58th Venice Biennale, Part 1: “May You Live in Interesting Times”
By HG Masters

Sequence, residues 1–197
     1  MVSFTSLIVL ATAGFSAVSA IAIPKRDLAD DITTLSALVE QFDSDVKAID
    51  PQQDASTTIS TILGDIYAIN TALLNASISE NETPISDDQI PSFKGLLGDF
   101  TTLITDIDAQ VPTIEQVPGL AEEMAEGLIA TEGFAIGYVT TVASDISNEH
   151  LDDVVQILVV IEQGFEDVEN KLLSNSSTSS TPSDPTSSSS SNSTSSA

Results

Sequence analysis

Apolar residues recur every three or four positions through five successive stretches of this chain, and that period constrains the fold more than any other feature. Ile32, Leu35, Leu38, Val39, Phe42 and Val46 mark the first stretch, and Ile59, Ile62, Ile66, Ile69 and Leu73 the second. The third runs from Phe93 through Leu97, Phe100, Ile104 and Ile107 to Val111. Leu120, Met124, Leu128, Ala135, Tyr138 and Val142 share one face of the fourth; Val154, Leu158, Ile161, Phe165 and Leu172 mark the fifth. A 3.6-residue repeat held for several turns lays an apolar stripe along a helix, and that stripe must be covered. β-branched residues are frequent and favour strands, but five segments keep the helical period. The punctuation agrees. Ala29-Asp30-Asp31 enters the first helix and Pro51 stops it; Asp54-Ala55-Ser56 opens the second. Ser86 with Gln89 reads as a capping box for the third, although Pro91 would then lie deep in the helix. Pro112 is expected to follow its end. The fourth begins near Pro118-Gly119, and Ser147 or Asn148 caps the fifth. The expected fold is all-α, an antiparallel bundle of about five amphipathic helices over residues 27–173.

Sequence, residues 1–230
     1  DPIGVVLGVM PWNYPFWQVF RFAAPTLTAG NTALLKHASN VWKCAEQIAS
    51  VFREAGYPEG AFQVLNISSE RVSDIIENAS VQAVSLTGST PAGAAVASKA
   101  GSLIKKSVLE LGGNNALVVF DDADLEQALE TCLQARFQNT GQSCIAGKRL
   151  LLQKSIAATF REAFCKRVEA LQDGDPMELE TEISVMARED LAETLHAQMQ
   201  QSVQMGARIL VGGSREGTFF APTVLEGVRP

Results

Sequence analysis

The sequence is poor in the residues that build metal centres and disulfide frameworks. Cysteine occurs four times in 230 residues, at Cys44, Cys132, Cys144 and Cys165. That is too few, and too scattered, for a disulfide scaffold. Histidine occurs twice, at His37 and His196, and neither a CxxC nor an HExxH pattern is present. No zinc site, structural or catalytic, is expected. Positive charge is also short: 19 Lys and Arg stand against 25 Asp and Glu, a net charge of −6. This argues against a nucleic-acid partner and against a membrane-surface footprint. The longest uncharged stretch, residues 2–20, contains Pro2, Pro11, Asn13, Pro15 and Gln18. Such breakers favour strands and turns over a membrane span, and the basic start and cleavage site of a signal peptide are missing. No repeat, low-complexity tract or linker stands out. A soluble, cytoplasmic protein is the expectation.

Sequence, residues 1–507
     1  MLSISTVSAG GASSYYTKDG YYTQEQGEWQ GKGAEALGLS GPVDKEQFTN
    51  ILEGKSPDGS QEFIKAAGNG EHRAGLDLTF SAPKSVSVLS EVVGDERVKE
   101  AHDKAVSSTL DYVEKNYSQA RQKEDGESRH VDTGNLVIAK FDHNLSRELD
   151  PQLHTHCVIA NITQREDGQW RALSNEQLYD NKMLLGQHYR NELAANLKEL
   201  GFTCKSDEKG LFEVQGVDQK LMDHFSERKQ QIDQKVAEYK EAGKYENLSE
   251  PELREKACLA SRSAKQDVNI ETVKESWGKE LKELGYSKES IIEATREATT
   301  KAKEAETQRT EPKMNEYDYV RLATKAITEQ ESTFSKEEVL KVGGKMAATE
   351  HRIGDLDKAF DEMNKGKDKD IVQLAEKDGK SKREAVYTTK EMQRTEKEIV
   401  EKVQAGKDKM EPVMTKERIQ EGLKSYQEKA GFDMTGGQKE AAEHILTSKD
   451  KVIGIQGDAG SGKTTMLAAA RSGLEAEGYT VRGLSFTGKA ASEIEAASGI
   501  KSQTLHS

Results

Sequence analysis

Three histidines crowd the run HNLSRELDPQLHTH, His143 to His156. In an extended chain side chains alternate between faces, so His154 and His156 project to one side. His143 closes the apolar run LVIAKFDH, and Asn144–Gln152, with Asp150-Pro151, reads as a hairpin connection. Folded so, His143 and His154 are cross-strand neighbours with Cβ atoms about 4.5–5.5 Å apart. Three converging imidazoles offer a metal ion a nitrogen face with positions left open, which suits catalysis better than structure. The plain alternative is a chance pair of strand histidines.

The title of the 58th Venice Biennale, “May You Live in Interesting Times”—aside from being an apocryphal Chinese curse, often repeated in 20th century Anglophone political discourse—brings other connotations to bear. It inevitably points to what is meant by “interesting” and will draw comparisons to Sianne Ngai’s definition in her 2008 essay “Merely Interesting,” in which the American cultural critic dissects what makes something “interesting” as “bound up with the perception of novelty (against a backdrop of the expected and familiar).” For many viewers of the Venice Biennale in 2019, that may be the curator’s intended outcome—to show works from emergent subject-identity positions that diverge from the assumed (perhaps problematically) stance of a white-Euro-American-cisgendered-heteronormative audience. But in trying to reflect the times we live in too closely through specific artists, Rugoff’s Biennale appears, on first viewing, to be perfectly expected and already quite familiar—that is, quite uninteresting in comparison to our turbulent, transitional times.